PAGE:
Layer 1 refers to the underlying infrastructure of a blockchain network. This is the foundational layer in which all other elements of the network are built, and it typically consists of the protocols, consensus mechanisms, and network rules that govern the operation of the blockchain. They are typically considered to be the core infrastructure that supports the creation and exchange of tokens on a blockchain network. This can include things like the smart contract platform, the consensus mechanism, and the cryptographic algorithms used to secure the network.

19. Layer 2

Layer 2 refers to solutions built on top of a blockchain network's underlying layer 1 infrastructure. These solutions are designed to enhance the functionality of the network by providing additional features or capabilities that are not natively supported by the layer 1 infrastructure. They can be an important consideration for projects that need to support large numbers of transactions or complex token structures, as they can provide the necessary infrastructure to support these requirements.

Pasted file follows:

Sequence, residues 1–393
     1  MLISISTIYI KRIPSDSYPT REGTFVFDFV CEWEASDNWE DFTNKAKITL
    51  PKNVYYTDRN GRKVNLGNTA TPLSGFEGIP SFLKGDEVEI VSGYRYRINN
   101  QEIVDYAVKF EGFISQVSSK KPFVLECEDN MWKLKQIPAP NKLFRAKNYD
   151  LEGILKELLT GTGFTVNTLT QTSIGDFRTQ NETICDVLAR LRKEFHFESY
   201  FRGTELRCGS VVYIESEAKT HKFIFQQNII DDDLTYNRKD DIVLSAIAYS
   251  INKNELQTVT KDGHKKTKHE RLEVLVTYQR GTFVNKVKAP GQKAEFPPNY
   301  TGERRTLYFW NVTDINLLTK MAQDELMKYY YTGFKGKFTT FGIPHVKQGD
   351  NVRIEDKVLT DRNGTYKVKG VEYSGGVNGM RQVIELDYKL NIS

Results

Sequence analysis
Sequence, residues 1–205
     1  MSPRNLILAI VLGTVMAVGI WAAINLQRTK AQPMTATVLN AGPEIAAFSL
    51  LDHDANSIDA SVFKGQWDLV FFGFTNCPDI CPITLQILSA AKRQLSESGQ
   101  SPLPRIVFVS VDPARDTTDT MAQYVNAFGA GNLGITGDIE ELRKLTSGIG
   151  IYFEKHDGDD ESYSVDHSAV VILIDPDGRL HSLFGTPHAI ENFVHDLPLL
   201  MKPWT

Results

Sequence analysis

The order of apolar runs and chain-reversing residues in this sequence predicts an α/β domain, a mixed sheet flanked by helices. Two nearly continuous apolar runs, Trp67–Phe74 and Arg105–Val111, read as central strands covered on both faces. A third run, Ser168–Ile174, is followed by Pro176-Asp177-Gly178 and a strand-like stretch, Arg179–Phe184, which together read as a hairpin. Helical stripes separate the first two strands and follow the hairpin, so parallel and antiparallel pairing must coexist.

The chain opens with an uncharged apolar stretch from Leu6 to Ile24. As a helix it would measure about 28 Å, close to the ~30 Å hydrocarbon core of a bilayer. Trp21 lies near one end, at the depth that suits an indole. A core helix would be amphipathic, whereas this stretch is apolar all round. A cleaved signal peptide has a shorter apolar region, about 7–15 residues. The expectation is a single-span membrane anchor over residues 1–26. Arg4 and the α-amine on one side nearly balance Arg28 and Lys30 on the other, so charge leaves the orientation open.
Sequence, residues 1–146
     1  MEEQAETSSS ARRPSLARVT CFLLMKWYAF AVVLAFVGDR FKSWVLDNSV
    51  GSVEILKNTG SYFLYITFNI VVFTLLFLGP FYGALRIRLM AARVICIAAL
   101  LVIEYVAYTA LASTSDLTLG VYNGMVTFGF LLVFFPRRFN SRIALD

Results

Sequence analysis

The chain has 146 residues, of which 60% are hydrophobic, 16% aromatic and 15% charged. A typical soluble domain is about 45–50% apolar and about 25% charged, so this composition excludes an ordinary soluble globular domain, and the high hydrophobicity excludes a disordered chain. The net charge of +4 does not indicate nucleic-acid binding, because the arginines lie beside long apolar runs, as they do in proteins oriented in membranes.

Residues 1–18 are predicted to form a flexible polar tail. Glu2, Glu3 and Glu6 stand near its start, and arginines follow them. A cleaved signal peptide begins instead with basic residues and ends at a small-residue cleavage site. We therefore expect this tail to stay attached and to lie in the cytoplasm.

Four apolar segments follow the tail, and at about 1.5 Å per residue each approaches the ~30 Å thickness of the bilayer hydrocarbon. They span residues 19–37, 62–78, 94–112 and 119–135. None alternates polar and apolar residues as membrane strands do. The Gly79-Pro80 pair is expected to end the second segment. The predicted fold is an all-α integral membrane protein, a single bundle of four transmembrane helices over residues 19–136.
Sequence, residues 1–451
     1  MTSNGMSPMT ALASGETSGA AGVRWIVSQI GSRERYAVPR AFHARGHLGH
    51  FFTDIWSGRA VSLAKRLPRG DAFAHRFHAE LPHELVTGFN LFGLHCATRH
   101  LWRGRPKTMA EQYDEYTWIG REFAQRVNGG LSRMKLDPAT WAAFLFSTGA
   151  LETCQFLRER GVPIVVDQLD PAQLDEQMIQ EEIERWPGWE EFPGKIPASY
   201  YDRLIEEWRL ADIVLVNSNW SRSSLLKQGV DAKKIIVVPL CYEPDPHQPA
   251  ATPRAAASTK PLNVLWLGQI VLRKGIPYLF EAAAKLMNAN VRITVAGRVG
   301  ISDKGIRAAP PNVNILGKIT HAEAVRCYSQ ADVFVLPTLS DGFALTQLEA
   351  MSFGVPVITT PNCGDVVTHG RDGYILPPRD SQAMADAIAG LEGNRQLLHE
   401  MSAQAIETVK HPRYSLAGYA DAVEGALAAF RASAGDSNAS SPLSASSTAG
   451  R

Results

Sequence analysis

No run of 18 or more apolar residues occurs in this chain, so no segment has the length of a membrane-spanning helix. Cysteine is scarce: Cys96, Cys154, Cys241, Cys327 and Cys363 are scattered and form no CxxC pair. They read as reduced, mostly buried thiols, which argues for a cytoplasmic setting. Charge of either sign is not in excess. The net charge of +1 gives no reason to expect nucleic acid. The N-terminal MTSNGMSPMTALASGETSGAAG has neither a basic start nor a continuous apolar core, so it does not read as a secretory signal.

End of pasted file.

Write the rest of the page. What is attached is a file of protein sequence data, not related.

20. Liquidity Pool

A Liquidity Pool is a crowdsourced pool of cryptocurrencies or tokens locked in a smart contract that is used to facilitate trades between the assets on a decentralized exchange (DEX). Liquidity pools are often used in decentralized finance (DeFi) platforms, where they can help to facilitate the exchange of tokens and other assets in a decentralized and trustless manner. By providing a readily available source of assets for trading, liquidity pools can help to reduce volatility and increase the overall liquidity of a market. This can benefit both market participants and the platform or network as a whole.

21. Liquidity Provider

Liquidity Provider refers to an entity that offers to buy or sell tokens on a cryptocurrency exchange or other trading platform. By offering to buy or sell tokens, the liquidity provider helps to ensure that there is always someone on the other side of a trade, which helps to maintain a healthy and active market for the tokens. This can be especially important for smaller or less liquid markets, where the lack of liquidity can make it difficult for buyers and sellers to find each other and complete trades. Liquidity providers can play a crucial role in providing the necessary liquidity to support the growth and development of a token economy.